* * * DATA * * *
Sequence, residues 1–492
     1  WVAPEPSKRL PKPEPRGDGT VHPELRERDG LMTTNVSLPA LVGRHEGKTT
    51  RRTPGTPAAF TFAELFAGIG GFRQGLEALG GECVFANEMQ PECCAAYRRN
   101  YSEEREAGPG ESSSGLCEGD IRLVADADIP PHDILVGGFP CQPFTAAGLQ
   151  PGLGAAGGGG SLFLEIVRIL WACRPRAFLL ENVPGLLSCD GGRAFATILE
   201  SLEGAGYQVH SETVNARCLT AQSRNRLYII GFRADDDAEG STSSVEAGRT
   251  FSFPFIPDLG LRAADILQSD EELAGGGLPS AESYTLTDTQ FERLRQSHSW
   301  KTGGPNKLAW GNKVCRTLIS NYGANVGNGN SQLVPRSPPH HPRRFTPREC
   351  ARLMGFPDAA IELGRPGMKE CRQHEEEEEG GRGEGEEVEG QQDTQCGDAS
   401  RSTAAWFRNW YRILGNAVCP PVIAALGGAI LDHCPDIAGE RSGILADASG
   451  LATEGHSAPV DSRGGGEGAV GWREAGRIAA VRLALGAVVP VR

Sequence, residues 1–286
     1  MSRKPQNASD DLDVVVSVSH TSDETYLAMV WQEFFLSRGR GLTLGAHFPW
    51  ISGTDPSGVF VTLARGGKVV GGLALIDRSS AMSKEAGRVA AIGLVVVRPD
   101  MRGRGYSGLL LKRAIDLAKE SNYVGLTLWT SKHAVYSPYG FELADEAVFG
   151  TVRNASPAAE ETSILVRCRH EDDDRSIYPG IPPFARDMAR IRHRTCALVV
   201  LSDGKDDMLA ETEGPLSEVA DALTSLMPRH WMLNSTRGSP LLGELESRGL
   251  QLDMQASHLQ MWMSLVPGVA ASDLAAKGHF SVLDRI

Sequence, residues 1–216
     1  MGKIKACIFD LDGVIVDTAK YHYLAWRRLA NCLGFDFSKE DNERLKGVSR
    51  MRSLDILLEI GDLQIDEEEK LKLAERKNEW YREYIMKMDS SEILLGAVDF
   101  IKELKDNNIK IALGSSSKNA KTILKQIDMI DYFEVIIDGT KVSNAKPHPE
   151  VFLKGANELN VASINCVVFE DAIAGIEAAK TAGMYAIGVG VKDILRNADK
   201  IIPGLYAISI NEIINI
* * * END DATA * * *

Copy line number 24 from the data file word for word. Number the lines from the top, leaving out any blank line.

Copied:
   201  IIPGLYAISI NEIINI